Compared to most people I don’t buy or own much stuff but I still have too much stuff so I am slowly giving away, selling or throwing away all my excess stuff (clothes, gadgets, shoes, books etc etc etc)
I really don’t need all this stuff, I don’t even use a lot of this stuff. I think you’ll agree with me when I say that when you have too much stuff you spend more time finding space to store it and make room for yourself then you spend actually using the stuff.
The problems with living in an economy where consumption (buying stuff) is a way of life encouraged by governments and corporations are more than you think
Problem: Negative Externalities of Stuff
A lot of the costs of the stuff you buy are “negative externalities” not reflected in the cost you pay at the counter. “Negative externalities” is a terrible phrase which basically means let somebody else deal with the problems (pollution from factories, roads packed with transport trucks, sick overworked sweatshop employees etc)
Problem: Rental and Housing Costs
Most of us aren’t really thinking when we go shopping to buy stuff like another TV, better speakers, more shoes, another suit, a second car, a new set of dishes, more towels without stopping to consider: is it necessary, can I afford it and the most important: What is this new thing really costing me?
Australian household debt is growing at a fast rate and I think buying stuff using personal loans, credit cards and home loan withdrawals is a contributing factor.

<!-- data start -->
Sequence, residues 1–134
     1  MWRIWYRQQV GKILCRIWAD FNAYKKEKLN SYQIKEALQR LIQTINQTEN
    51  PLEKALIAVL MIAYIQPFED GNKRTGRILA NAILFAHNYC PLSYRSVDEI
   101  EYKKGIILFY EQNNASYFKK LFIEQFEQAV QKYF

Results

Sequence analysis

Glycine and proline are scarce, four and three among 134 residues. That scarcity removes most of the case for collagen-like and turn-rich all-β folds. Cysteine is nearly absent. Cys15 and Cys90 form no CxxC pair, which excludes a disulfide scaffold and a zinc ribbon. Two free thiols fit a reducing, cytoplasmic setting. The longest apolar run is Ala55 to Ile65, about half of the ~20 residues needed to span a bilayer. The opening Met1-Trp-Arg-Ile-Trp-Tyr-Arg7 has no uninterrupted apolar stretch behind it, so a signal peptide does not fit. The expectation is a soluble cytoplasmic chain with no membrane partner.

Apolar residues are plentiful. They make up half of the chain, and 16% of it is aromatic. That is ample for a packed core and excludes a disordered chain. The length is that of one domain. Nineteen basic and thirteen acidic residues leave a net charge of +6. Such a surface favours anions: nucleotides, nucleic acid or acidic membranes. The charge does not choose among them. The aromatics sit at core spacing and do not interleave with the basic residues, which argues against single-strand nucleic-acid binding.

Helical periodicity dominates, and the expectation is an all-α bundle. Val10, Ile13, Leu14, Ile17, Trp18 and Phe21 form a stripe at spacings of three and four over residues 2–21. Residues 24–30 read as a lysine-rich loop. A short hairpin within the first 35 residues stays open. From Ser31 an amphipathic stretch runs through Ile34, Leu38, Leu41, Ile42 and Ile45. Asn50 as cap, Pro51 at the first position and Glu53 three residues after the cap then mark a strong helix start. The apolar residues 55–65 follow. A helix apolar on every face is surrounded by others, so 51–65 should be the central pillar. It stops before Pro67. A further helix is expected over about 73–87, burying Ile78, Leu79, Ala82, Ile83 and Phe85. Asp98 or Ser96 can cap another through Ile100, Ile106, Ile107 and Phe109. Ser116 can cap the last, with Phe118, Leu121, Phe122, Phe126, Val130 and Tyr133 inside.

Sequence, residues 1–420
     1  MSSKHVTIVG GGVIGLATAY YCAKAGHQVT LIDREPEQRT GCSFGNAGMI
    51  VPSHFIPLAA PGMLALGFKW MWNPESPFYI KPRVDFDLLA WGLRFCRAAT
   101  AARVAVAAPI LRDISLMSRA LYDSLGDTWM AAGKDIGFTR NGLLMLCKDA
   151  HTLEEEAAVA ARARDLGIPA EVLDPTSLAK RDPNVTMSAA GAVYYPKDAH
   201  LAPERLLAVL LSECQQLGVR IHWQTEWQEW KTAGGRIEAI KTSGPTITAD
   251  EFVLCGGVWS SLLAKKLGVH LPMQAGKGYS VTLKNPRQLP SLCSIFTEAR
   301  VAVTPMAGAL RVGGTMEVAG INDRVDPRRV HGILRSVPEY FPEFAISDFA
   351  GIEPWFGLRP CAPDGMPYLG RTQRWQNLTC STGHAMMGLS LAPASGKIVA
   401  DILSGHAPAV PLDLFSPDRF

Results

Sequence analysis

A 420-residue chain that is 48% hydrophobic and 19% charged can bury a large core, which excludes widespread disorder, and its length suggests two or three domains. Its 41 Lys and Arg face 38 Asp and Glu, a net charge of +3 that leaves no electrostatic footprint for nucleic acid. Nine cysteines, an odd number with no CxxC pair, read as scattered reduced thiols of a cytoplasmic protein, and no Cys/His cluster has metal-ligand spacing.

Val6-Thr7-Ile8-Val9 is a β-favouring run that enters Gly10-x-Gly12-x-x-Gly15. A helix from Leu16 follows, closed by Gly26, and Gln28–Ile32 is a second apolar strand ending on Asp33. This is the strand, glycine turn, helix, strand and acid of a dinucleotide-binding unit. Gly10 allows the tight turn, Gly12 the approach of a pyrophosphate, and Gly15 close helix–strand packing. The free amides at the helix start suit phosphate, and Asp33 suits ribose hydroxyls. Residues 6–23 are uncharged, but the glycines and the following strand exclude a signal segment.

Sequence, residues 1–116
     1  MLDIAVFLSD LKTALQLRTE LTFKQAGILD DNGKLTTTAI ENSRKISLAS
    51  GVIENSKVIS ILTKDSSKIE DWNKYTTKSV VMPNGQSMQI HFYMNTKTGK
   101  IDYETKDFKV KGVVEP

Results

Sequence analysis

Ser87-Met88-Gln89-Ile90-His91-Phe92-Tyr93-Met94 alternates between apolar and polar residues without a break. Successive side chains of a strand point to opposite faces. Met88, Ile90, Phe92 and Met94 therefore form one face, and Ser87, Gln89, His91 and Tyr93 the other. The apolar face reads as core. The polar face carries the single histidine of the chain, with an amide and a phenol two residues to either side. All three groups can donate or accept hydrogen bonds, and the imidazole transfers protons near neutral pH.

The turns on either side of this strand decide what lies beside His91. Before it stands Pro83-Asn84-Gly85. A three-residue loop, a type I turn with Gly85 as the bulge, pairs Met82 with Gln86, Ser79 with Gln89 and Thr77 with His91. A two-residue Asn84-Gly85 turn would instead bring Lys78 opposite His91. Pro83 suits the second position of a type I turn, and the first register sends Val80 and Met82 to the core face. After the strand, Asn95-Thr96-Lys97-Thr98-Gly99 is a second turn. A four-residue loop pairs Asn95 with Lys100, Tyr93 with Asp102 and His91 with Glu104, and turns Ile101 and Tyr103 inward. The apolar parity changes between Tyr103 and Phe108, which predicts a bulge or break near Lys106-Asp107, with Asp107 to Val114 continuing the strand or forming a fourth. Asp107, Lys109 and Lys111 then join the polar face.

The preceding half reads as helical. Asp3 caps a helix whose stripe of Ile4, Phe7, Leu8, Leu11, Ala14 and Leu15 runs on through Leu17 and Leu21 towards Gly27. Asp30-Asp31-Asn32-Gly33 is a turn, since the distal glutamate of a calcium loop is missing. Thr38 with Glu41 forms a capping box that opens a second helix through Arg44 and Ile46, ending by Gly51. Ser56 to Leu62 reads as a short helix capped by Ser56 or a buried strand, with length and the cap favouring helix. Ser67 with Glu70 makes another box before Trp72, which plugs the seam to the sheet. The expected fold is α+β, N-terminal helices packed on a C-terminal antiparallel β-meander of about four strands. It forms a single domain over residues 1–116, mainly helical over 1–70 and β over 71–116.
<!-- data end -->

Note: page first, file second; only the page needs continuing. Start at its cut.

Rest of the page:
All this stuff is costing us quite a bit in storage alone. We are building new homes with bigger kitchens and more bedrooms, bathrooms and closets than ever before. When you buy a bigger home to accommodate your stuff, you pay higher taxes, higher heating bills, bigger cooling bills, a bigger mortgage, plus whatever the upkeep costs are for the stuff itself.
Problem: Overwhelming Stuff
In fact he developed a routine around the concept of “stuff”. Carlin’s belief was that we all have a large supply of stuff, possibly too much stuff, but we insist on storing it in smaller and smaller containers of stuff. When our closets become full of too much stuff, we move some of it to drawers. If we need stuff for a vacation, we put some of our original stuff in suitcases. We even buy smaller versions of stuff just to have on hand when we leave our big stuff behind on a trip.
What You Can Do
Looking at all the stuff in your bookshelf, cupboards, garage, floor etc can be scary and you may feel that it will never be organised or gotten rid of.
So I suggest a step by step approach. Every day choose something in your house (it can be big or small) and give it away, sell it or throw it in the recycling/rubbish bin.
And when you’re going to buy new stuff like clothes, electronics etc remember that most of the pleasure gained is from anticipating buying it. As soon as you buy it it will become of less value to you and get pushed aside in favour of new stuff.